Review: THE PURGE: ANARCHY, Incoherent Screams Against The System
Taking place one year after the events in 2013's The Purge but featuring a new cast of characters, The Purge: Anarchy declines to flesh out its vague premise, once again focusing its energies on a basic instinct: fight or flight.
Whereas the first film contained its action to a single, if spacious, suburban home, the sequel forces its protagonists onto the mean streets of Downtown, Anywhere, U.S.A. Actually, it looks to have been filmed in Los Angeles, but the specific geography matters less than the dark urban setting, which allows for many people of color to display their patriotic spirit by killing each other.
A few new specifics emerge, beginning with the idea that in 2014, the New Founding Fathers of America are elected to power, and sometime thereafter the U.S. government sanctions The Purge, an annual 12-hour period during which all criminal activity, up to and including murder, is permitted, nay, encouraged, with no emergency services provided.
The Purge is credited with lowering the crime rate during the rest of the year and benefiting the country economically, though how, exactly, is left to the imagination. It's suggested strongly that poor people who cannot afford expensive security systems are affected disproportionately, their deaths justifiable because they are not contributing sufficiently to society, in the estimation of the New Founding Fathers.
That's as far into social commentary as writer/director James DeMonaco is willing to go. Frankly, the premise would be easier to swallow were it set another decade or so into the future, but I'm willing to accept that these two movies are set in an alternate universe that greatly resembles Planet Earth as we know it. Making that allowance, however, does not excuse the elementary storytelling that foreshadows every "twist" in explicit detail, thereby sapping any possibility of suspense from the narrative. Nor does it minimize the vapid nature of the dialogue, or the clueless behavior of some of the characters. Nor does it explain away the ham-fisted action sequences that unfold without a spark of excitement, ingenuity, or clarity.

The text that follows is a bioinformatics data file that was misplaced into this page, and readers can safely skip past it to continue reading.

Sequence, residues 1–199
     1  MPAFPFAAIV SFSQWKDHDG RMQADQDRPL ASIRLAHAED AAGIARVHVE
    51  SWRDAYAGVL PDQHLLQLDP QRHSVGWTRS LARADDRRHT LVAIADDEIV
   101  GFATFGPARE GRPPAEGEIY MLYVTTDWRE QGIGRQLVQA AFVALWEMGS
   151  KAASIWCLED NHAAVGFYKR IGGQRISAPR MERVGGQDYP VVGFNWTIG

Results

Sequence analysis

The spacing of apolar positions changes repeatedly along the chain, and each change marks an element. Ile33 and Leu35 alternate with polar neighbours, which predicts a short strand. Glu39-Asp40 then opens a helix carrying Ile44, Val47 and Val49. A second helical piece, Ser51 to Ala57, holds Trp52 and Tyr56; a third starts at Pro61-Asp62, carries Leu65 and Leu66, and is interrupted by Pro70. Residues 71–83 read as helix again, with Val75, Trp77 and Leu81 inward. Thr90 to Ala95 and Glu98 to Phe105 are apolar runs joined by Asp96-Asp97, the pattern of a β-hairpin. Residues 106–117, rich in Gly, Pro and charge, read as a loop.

The last point is fatal for a would-be thriller that revolves around its scenes of chase and pursuit. The first movie featured a nuclear family of four; this time, it's a "blended" family. Against his better judgment, an armed man who declines to give his name (Frank Grillo) has come to the aid of a single mother and her teenage daughter (Carmen Ejogo and Zoë Soul), who were under attack by a paramilitary unit. They are joined by a husband and wife (Zach Gilford and Kiele Sanchez), who are under attack by a gang of masked hoodlums.
The armed man becomes surrogate father to the group. As the others astutely note, he's clearly out on the streets with the intention to purge, yet he has a good heart. The others, of course, want to keep him from purging, because that would be "wrong." Meanwhile, caught between the paramilitary group and the masked hoodlums, they must try to survive the night.
Grillo is an assured presence, as he's demonstrated in several dozen roles over the years, and it's a pleasure to watch him take command of his character, a man with evident military or law enforcement training who knows how to deal with incoming fire. The other actors are fine, although their characters are given few notes to play: mother is concerned, teenage daughter is sassy, husband and wife don't get along too well anymore. And other roles occasionally come into play: a dying old man (John Beasley), a fun-loving co-worker (Justina Machado), an internet firebrand (Michael K. Williams).
In The Purge, writer/director DeMonaco conjured up an outlandish premise, but both that film and The Purge: Anarchy fail to deliver anything out of the ordinary as far as their characters or action sequences are concerned, and the ideas remain half-baked. The films want to say something, but when they open their mouths, all I can hear are incoherent screams.
The film opens wide in theatres throughout North America on Friday, July 18.